These studies are investigating how to make stem cells in the laboratory and include stem cell sources taken during brain surgery. One important part of research is the search for non-embryonic sources of cells.   Researchers have turned to bone marrow, fibroblasts, and testes, as a source of cells to produce stem cells.

Some positive results from animal studies

  • Parkinsonian monkeys injected with human neural stem cells showed improved movement and no toxic effects. A small number of stem cells turned into dopamine producing nerve cells.   Researchers were from UCO, Yale and Harvard 2007
  • Mice treated with stem cells form their clones of their own skin showed improved movement. Research was performed at Sloan-Kettering

 Research in people with Parkinson’s

International research studies that include PWP are using stem cell sources from bone marrow, fat cells, fibroblasts (type of skin cell) are underway.

  • Researchers from Los Angeles are planning a phase 2 trial investigating safety and effect of neural derived cells taken from the patient, turned into mature cells and surgically introduced into the brain. Both measures of movement symptoms and PET imaging of dopamine nerve cells will be used to test the effect. This study is currently on hold. Results from an initial phase 1 study of neural stem cells showed significant improvement in movement symptoms.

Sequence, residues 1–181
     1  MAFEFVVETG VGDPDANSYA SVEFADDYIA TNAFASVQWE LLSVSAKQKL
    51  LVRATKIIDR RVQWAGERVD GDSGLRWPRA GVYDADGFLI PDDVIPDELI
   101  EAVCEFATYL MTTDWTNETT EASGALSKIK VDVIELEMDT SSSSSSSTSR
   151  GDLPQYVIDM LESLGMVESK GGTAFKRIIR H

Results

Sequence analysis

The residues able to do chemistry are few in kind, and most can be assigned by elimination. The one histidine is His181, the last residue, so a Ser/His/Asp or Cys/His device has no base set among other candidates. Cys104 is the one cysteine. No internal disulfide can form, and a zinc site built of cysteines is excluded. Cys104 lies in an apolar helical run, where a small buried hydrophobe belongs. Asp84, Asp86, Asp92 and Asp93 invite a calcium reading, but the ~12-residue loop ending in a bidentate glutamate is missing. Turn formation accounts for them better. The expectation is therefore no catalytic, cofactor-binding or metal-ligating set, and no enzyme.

Some positive results from animal studies

  • Parkinsonian monkeys injected with human neural stem cells showed improved movement and no toxic effects. A small number of stem cells turned into dopamine producing nerve cells.   Researchers were from UCO, Yale and Harvard 2007
  • Mice treated with stem cells form their clones of their own skin showed improved movement. Research was performed at Sloan-Kettering

Questions remain

  • Researchers from South Korea and UC San Diego showed that abnormal protein accumulations seen in Parkinson’s nerve cells can be passed from one cell to the other. An autopsy done on a person that had fetal cell transplant many years ago showed these proteins moved from the person’s cells to the transplanted fetal cells. How this would affect stem cells is not known. It does give significant clues as to how cells are changed in Parkinson’s.

A word of caution

  • These are early phase 1 and 2 trials and to show safety and effect and not yet ready for widespread study. 
  • Many claims exist from stem cell clinic claiming to cure Parkinson’s or reverse symptoms. These claims have not been proven, safety has been shown, and they are extremely expensive. Remember anecdotal reports and stories of improvement do not mean the treatment work, remember the placebo effect?

More information on the placebo effect, clinical research trials and new research updates are available in the Ask the Expert Blog section of this site. 

Find out more about clinical trials and research for PD on the following websites

Monique L. Giroux, MDMonique L. Giroux, MD
Guest Blogger, Former Medical Director of NWPF